Home Care Industry Will Encounter 'Care Gap' Soon
As baby boomers "begin encountering the frailties of old age, thenation will face a widening 'care gap' that experts fear willcompromise the quality of home care and force people into nursing homestoo soon," the Dallas Morning Newsreports. The U.S., which today has about one million home care aides,will need as many as one million additional workers by 2017 and as manyas three million more by 2030, according to experts. The growth indemand will come from the age-65-and-over population doubling in thenext 25 years, in addition to a preference for receiving care at homeinstead of in nursing homes, according to the Morning News.
Thelabor market for home health care workers is not likely to increasebecause "the women who typically went to work as caregivers now havebetter-paying, less demanding options in other fields," the Morning Newsreports. Low wages and benefits, long hours and lack of training alsoprevent more people from entering the field. On average, home healthcare workers in 2005 made $17,710. The U.S. Supreme Court recentlyruled that home health care workers do not qualify for minimum wageovertime.
Steven Dawson, president of the Paraprofessional Healthcare Institute,said, "If we paid these people a livable wage, offered them healthinsurance, trained them better and listened to them, we'd solve this'workforce crisis' in months. But we can't do that as long as ourpolicymakers treat them as invisible" (Moos, Dallas Morning News, 7/4).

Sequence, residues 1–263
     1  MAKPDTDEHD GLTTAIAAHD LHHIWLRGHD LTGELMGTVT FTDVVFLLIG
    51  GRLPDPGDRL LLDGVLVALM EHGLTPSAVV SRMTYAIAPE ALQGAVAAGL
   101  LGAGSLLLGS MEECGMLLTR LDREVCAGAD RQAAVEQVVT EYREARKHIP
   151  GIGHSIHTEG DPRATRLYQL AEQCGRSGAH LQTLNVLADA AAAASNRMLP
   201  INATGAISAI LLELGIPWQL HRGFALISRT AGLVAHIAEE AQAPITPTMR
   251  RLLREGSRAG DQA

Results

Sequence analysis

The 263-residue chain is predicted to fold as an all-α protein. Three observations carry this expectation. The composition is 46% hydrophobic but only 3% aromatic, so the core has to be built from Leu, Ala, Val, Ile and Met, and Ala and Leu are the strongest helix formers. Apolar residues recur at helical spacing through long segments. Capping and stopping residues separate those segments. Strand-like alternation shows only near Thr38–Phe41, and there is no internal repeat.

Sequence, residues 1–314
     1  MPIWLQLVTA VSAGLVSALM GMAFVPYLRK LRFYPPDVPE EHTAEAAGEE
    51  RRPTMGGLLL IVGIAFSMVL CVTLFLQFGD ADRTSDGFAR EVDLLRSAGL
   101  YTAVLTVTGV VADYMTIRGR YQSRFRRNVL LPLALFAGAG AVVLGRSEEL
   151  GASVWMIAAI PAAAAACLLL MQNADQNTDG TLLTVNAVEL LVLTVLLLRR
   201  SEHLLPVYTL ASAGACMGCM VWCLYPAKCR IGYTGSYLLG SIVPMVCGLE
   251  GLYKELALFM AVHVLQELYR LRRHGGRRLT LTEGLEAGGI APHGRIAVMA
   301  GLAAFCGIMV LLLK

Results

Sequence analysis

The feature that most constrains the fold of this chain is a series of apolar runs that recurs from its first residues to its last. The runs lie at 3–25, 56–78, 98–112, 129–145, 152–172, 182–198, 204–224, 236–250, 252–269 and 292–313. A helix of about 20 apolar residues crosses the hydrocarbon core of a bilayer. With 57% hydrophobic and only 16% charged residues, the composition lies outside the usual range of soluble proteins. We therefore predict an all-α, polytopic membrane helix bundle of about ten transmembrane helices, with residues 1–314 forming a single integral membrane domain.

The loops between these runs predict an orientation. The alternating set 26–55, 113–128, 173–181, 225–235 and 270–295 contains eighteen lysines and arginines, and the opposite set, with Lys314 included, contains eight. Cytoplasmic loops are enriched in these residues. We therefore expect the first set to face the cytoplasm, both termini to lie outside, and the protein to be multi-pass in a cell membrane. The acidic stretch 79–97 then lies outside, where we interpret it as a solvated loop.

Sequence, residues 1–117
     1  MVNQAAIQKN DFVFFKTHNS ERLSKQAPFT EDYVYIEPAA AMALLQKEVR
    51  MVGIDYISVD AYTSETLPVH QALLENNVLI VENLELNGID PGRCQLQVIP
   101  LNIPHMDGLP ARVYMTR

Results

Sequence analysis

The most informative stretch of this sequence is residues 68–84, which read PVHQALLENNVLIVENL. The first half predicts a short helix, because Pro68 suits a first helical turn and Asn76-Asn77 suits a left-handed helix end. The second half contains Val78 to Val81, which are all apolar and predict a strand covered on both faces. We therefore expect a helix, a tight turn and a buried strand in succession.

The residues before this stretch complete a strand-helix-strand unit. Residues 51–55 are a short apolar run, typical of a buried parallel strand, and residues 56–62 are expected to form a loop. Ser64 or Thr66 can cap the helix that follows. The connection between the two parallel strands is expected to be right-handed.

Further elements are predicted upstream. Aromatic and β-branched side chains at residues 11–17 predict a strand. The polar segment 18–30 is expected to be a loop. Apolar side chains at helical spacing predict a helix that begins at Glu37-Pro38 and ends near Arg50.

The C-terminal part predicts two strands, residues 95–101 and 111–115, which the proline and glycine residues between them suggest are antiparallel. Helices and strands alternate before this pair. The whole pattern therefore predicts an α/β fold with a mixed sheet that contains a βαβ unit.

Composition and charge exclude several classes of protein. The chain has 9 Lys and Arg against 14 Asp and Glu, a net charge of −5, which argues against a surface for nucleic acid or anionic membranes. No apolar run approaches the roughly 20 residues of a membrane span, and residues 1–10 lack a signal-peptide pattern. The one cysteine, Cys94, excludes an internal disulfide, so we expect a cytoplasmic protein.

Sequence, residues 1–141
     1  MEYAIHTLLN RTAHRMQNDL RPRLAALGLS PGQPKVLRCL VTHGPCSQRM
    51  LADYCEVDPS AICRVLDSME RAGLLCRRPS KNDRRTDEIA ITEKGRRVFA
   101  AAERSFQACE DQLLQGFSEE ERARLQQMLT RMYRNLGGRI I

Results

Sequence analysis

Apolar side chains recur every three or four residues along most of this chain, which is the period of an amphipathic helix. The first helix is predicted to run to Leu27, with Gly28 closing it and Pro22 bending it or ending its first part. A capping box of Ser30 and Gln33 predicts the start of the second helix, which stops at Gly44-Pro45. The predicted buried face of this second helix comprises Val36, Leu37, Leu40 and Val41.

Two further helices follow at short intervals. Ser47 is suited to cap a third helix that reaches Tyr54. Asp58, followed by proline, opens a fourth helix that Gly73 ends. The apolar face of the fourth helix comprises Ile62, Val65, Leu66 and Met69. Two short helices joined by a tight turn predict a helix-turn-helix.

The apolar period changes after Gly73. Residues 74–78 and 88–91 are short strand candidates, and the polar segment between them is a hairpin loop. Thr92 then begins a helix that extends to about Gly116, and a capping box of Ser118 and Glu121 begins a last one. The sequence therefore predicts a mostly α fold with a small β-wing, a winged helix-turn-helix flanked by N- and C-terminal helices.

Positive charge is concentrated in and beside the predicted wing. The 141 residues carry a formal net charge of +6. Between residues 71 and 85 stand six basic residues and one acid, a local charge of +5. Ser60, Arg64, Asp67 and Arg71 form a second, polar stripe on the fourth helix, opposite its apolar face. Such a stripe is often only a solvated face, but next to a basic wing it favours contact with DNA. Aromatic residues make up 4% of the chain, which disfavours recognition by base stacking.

"The new Democratic Congress needs to restore the priority of homehealth care for senior citizens," Edward Koch, former New York Citymayor and former member of Congress, and Robert Weiner, a former chiefof staff of the House Committee on Aging and former legislativeassistant to Koch, write in a Long Island Newsdayopinion piece. According to Koch and Weiner, Medicare home health carespending since 2000 has been cut by 25% from $14 billion to $10.5billion, and it will face additional cuts in President Bush's proposedfiscal year 2008 budget, "which calls for an 'inflation freeze' thatwould slash $410 million in fiscal 2008 and $9.68 billion over fiveyears."
Meanwhile, spending for nursing home care hasincreased from $13.6 billion to $15.7 billion since 2000, even thoughhome care "is far cheaper" and offers a "higher quality of life" thannursing home care, Koch and Weiner write. The reason Congress does notprioritize home-based services is that the home care industry -- whichgenerally is composed of small health employment agencies -- does not"have nearly the lobbying power of big institutions like the nursinghome industry and the hospitals," according to Koch and Weiner(Koch/Weiner, Long Island Newsday, 7/6).
Reprinted with permission from kaisernetwork.org. Youcan view the entire Kaiser DailyHealth Policy Report, search the archives, and sign up for email deliveryat kaisernetwork.org/email. The Kaiser Daily Health Policy Report is published for kaisernetwork.org, afree service of The Henry J. Kaiser Family Foundation.